SAN DIEGO (NNS) -- Two midshipmen from the Royal Norwegian Naval Academy trained aboard amphibious assault ship USS Peleliu (LHA 5) from July 18 to Aug. 7 as part of the Foreign Exchange Training of Midshipman (FOREXTRAMID) program.
This program is managed by Naval Service Training Command in coordination with Operational Navy (OPNAV) N3/N5 and the U.S. Naval Academy (USNA).
FOREXTRAMID provides a significant opportunity for both nations to connect at the most junior level that may lead to long-term mutual understanding and appreciation of both military capabilities and cultural point of views.
Traditionally, foreign participation in the U.S. Navy educational programs has created better understanding of the United States and Navy. This translates directly into vital assistance in coalition operations throughout the world.
OPNAV N3/N5 selects countries each year to participate based on a countries ability and desire to send their midshipmen to Navy ships for two to four week periods during summer breaks.
Foreign country participants are chosen by their respective navy. The Royal Norwegian Navy chose Fenrick Frank Andersen and Eivind Vedlog, both from Bergen, Norway, to join Academy midshipmen and Naval Reserve Officer Training Course (NROTC) students aboard Peleliu.
During the underway, Lt. j.g. Shawn Henry, Peleliu's main propulsion division officer, guided Andersen and Vedlog as their running mate. He helped them through the process of completing personal qualification standard and experiencing shipboard life.
"I make sure that they're always occupied, going to different events on the ship," said Henry. "They learn everything we do, as well as what it takes to be a division officer."
They have observed flight quarters, utility landing craft (LCU) evolutions and bridge operations during the ship's composite training unit exercise (COMPTUEX) underway period.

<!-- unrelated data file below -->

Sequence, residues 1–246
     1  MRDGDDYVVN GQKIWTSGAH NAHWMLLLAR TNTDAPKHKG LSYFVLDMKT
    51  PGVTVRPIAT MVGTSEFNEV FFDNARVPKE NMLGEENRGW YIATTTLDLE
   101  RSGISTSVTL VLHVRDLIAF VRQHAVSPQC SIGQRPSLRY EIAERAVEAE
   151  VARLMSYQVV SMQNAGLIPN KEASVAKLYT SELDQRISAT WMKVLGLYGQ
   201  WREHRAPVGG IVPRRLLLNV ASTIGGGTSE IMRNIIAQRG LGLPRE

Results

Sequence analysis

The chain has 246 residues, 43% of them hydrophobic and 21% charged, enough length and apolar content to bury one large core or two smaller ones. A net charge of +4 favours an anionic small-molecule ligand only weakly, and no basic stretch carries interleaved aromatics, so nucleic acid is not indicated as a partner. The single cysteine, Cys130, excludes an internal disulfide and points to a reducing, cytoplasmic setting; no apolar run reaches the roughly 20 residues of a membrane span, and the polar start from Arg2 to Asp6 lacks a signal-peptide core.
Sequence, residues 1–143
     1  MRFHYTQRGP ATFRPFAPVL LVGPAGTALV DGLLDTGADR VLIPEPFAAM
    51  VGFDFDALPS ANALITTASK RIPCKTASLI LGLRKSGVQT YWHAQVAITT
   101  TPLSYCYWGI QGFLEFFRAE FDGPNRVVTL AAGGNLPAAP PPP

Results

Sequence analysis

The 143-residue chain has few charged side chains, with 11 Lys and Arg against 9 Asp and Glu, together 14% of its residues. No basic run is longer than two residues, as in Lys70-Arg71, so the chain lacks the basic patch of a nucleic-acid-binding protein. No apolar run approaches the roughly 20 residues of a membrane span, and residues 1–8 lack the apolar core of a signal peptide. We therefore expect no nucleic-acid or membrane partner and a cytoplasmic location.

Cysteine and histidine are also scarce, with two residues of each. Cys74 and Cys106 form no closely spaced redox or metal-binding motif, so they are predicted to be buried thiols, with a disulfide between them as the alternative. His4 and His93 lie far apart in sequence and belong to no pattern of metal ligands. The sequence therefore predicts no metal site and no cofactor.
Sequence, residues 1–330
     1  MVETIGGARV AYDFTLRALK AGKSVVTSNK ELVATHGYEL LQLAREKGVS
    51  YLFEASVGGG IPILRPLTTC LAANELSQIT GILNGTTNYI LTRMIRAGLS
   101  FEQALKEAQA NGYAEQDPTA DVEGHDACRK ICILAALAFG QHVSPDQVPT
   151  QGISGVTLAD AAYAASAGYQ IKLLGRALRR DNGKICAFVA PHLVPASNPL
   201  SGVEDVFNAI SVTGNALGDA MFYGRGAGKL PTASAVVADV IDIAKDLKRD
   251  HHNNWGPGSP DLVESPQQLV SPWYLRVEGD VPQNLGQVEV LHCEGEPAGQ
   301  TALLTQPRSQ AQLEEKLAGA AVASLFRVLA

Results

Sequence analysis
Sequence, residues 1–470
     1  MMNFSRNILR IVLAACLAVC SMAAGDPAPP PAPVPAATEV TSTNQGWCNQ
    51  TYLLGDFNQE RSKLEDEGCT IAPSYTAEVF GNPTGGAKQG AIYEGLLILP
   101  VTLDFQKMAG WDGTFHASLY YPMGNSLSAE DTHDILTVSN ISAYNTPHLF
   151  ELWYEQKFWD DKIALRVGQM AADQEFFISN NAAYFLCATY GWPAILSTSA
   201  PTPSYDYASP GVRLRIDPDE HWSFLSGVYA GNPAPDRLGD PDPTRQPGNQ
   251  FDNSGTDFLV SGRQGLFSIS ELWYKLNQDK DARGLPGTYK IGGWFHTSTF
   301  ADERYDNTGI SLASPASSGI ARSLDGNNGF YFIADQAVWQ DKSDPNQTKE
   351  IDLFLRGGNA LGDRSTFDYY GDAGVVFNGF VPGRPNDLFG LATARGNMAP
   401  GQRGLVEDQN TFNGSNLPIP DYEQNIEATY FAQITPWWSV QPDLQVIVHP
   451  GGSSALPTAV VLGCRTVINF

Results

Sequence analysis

"Watching the helicopters and the AV-8B Harriers landing and taking off as well as the well deck to see the LCUs coming in has been my favorite part," said Andersen. "I've never seen that before so it's quite exciting."
The main part of their training focused on bridge operations, as they prepare to become navigators for the Royal Norwegian Navy.
"Of all the midshipmen that have come through that I've met from the Academy and NROTC, they are by far the most knowledgeable as far as navigation and the intricacies of radar go," Henry said. "It's outstanding that they know so much. I'm blown away. They're very professional and always on point with everything they do."
There are several differences between the Norwegian and U.S. navies.
One of the differences is the size. The Norwegian navy has 6,100 personnel and 70 ships, all of which are frigates and smaller. The U.S. Navy has more than 321,000 personnel and more than 250 ships.
"We don't have amphibious vessels, naval aviation or well decks in Norway," said Vedlog. "There are a lot of new things for us to see. It's a blast."
Other than the size of the two navies, cultural differences provide another obstacle to overcome.
"So far I feel their transition has been rather smooth," said Midshipman 1st Class Bethany May, an NROTC student from Marquette University in Milwaukee, Wis. "Their language skills have allowed them to pick up on the subtle customs and greetings that are common in the Navy. Furthermore, they hold a great deal of prior knowledge of U.S. Navy customs. When talking to them, they seem to be enjoying and learning from the experience."
Although they could often be viewed and treated as midshipmen, along with the Naval Academy and NROTC students during COMPTUEX, their ranking as Fenriks in the Norwegian navy is equivalent to an ensign in the U.S. Navy.
Of the Sailors and environment on the Peleliu, Vedlog said, "I feel we fit in well here. Everyone is so nice and friendly. They will talk to you freely, offer to show you around the ship and take care of us in general."
This year's Foreign Exchange Training of Midshipmen program expected a total of 70 midshipmen from 33 countries to cross-train with the U.S. Navy through professional immersion at sea.
Peleliu is the flagship for the Peleliu Amphibious Ready Group and is currently underway conducting COMPTUEX in the Pacific Ocean with docking landing ship USS Rushmore (LSD 47) and amphibious transport dock ship USS Green Bay (LPD 20).
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